We need to be very careful that the ‘big boys’ don’t destroy the very essence of what we’re about. Which brings me onto where I should have gone two paragraphs ago.

Keep Calm & Carry On. A British, wartime phrase that we have taken to our hearts, perhaps because we lead such busy lives these days, what with work and work and traffic jams and work and bills…  ‘Keep Calm & Carry On’ also says something about the British persona; a sort of stiff upper lip, slightly eccentric, quiet but determined attitude. ‘Keep Calm & Carry On’ can be seen on all sorts of merchandise from cushions to cups and everything in between. We love it and people overseas love it too… a a five word slogan that says a thousand words about what it’s like to be British. But that might all be about to change.

In 2001, the owners of Barter Books, Stuart and Mary Manley, came across an original, wartime poster, bearing the now famous slogan ‘Keep Calm & Carry On’. They checked with the Imperial War Museum that the poster was free from Crown Copyright (it was) and started to sell copies of the slogan on merchandise. The phrase caught on and the Manley’s merchandise was popular. I’ve read that they sold over 100,000 posters, but the Manley’s weren’t ‘precious’ over their rekindling of a wartime propaganda phrase and they allowed others to use the slogan too, provided that an acknowledgement was given as to provenance. The Manley’s thought that the slogan wasn’t ‘theirs’ as such, but a sort of national treasure, not to be exclusive to one person.

However, a former TV producer, Mark Coop (of Keep Calm and Carry On Ltd) has succeeded in registering a European trademark in 2011 for the slogan and has applications pending in the USA and Canada. Mr Coop’s prior application for a UK trademark for the slogan failed on the basis that the phrase was too widely used. The Manley’s are questioning the validity of the European trademark and are asking that it be cancelled on the grounds that the slogan is too widely used for copyright to exist. Mr Coop blames the Manley’s for being naive in failing to spot an opportunity by registering a trademark and domain name.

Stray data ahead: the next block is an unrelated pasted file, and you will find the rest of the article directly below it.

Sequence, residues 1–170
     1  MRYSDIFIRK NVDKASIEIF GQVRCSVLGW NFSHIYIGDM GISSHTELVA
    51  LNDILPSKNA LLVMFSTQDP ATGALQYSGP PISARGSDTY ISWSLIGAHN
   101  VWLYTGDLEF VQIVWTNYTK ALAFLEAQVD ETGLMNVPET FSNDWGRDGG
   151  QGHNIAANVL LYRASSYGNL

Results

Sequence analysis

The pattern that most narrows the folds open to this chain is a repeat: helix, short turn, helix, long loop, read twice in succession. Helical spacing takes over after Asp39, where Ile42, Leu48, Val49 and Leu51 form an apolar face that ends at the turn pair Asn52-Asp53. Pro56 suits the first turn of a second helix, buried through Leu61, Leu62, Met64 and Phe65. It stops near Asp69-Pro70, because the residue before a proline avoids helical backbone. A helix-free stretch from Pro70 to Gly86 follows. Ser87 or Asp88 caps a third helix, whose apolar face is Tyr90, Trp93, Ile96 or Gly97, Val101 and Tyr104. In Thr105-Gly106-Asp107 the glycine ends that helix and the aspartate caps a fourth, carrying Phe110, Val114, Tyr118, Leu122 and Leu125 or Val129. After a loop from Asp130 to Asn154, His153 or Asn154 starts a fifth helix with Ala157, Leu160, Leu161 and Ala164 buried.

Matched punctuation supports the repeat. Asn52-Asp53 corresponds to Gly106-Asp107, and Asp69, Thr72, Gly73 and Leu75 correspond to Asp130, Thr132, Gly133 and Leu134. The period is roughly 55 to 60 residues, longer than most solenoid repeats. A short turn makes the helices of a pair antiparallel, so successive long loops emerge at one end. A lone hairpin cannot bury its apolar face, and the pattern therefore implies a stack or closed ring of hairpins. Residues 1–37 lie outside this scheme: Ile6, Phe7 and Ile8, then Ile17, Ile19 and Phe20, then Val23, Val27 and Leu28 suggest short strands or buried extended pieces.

So, we have the owners of a second hand bookshop (run from a disused railway station in Alnwick), who did rather well from a little bit of nostalgia, mixed with a dollop of innovation, but who didn’t mind others sharing in the popularity of the wartime slogan. And then we have the businessman, who claims that he is only seeking to stop tat being sold on the internet.

I know that I get a lot of visitors to this blog daily and most of you are silent viewers, who care not to comment (and that’s an observation, not a criticism). But could I ask you a favour? Would you be so kind as to ‘like’ this post, or to leave a comment on here or Facebook.

There is also a video that you might like to watch, which has been made by the Manley’s – here’s the link: http://www.youtube.com/watch?feature=player_embedded&v=FrHkKXFRbCI

There’s also an e-petition which can be found here: http://keepcalmcampaign.co.uk/#share

Don’t let the imitators destroy the innovators; it’s just not cricket old boy.